The ousting of Malaysia's former prime minister Mahathir Mohamad, whose criticisms of India's policies in Kashmir damaged palm oil trade between the nations, has kindled hopes among Malaysian exporters for a rapid restoration of ties.
But political rhetoric alone will not restore full Malaysian palm oil flows to top market India any time soon, traders say: Palm prices within India are still too high relative to rival oils to encourage a sharp uptick in wholesale demand.
Malaysian supplies of palm oil to India have slowed to a trickle since Delhi adopted a hardline stance after Mahathir criticised actions in Kashmir in September. Exports to Malaysia's biggest customer for the last five years plunged 91 per cent in February to 29,269 tonnes from a year earlier, according to Refinitiv assessments.
In sign of how important it is to Malaysia to restore ties, within hours of the installation of a new prime minister on Sunday a senior lawmaker expected to be in the new cabinet called for a "renegotiation" of relations with India.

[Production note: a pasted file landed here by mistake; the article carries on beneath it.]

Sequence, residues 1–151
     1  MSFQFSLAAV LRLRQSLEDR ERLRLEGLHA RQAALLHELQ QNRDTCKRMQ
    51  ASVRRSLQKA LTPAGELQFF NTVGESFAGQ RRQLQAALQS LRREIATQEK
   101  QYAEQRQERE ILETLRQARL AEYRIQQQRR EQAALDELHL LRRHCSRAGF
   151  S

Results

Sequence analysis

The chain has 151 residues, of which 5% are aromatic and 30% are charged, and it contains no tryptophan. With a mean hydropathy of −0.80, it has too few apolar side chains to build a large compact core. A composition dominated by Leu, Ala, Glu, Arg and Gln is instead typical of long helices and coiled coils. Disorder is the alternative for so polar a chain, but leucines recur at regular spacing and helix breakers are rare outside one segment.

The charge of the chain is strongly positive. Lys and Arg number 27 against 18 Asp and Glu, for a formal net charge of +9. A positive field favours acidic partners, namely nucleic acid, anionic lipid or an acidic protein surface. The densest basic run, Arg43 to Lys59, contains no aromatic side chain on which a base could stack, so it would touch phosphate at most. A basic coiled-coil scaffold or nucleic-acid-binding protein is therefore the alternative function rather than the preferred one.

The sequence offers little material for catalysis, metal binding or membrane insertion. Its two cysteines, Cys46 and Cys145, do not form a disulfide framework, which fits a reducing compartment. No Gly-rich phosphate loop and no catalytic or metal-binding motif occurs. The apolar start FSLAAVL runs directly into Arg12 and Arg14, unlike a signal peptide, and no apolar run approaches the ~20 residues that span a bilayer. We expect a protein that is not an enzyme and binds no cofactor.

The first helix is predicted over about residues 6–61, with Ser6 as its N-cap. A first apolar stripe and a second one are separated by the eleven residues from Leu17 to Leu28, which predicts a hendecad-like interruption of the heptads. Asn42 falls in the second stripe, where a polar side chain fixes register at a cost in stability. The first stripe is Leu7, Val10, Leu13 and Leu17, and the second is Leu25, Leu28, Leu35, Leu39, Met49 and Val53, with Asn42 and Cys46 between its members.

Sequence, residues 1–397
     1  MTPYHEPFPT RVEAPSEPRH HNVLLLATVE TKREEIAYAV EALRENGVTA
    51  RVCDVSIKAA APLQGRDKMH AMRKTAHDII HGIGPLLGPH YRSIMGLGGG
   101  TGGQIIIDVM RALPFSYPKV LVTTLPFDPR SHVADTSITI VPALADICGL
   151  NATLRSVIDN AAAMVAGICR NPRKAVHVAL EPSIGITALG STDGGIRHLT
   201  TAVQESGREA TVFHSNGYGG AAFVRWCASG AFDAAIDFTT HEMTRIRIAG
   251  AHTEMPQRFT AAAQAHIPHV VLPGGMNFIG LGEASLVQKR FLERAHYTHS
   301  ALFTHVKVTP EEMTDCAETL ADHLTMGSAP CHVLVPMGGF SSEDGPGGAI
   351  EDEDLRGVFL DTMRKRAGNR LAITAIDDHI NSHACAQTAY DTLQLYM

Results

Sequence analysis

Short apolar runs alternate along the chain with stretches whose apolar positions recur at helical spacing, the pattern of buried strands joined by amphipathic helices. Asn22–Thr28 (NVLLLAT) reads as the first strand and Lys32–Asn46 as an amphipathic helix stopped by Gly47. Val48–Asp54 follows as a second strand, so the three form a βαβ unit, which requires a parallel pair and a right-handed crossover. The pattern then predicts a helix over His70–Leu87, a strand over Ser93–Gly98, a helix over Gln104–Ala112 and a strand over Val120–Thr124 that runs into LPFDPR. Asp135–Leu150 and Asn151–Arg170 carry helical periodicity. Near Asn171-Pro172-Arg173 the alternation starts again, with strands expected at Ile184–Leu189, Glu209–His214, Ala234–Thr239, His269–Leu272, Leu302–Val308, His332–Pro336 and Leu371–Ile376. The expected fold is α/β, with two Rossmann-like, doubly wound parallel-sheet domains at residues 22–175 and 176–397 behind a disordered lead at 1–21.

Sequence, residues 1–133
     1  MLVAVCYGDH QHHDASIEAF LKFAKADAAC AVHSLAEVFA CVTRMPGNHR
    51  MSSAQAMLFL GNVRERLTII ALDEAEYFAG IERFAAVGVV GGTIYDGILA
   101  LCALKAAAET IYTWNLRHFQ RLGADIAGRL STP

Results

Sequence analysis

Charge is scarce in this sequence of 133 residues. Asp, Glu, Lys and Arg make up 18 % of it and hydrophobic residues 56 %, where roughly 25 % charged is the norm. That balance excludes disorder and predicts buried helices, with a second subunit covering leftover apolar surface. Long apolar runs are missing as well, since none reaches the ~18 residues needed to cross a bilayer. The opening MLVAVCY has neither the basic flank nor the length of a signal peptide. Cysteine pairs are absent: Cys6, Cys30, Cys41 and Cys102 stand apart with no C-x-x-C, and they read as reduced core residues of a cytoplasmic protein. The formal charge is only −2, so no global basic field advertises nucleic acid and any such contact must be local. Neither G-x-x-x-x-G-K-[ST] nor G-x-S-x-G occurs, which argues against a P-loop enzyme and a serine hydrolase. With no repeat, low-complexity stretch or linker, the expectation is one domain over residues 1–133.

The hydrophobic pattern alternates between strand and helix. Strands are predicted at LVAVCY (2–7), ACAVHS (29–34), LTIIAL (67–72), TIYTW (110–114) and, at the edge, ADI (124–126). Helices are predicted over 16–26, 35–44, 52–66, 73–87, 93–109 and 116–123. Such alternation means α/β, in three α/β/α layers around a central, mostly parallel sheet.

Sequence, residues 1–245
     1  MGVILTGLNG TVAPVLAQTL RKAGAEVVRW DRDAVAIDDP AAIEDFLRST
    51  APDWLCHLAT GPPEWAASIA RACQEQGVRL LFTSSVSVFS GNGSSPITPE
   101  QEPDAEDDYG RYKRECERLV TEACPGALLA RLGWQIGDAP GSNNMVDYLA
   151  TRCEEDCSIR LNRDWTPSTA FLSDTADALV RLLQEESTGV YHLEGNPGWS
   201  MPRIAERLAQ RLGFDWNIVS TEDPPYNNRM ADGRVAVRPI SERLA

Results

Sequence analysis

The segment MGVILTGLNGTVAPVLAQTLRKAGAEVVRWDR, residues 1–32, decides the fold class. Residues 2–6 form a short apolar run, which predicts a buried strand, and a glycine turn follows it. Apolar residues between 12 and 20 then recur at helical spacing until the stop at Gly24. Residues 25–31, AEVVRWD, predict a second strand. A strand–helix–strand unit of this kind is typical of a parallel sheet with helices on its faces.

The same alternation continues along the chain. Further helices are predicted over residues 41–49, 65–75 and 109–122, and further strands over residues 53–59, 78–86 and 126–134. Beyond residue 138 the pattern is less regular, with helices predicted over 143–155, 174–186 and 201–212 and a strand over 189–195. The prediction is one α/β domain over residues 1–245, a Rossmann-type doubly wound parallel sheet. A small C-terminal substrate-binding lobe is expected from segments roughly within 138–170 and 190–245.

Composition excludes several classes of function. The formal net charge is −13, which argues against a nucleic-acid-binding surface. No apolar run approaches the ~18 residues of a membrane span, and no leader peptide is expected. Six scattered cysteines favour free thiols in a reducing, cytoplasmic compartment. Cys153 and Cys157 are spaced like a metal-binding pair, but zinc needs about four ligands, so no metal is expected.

Malaysian industry players welcomed the move, but Indian traders said prices must also fall further due to palm oil's relatively narrow price spread with rival oils.
The soybean-palm oil spread in India averaged 3,929 Indian rupees ($53.42) a tonne from January through February, compared with 13,150 rupees ($178.79) a year ago, according to Solvent Extractors Association (SEA) of India data.
"The narrow gap between soft oils and palm oil has been encouraging refiners to buy more soyoil and sunflower oil than normal," said B.V. Mehta, SEA executive director. "A spread of less than $100 per tonne between palm oil and soft oil always makes imports of soft oil attractive for Indian refiners."
India's palm oil imports in the first quarter of the 2019/20 marketing year, which started on Nov. 1, fell 14 per cent from a year ago to 2 million tonnes, while combined imports of soyoil and sunflower oil jumped 26% to 1.36 million tonnes, SEA data showed.
The Malaysian Palm Oil Association - a group representing growers - is prioritising diplomatic efforts to woo India, chief executive Nageeb Wahab said.
However, Delhi will need to its soften its stance on Malaysia and the price differential between palm oil and soyoil will need to widen to get Indian buyers on board, Sathia Varqa, co-founder of Singapore-based Palm Oil Analytics said.
Malaysia's benchmark palm oil futures have dropped more than 20 per cent since the start of 2020 to 2,478 ringgit ($594.96) on Thursday, retracting to November levels, as top buyers India and China slow purchases amid the coronavirus epidemic.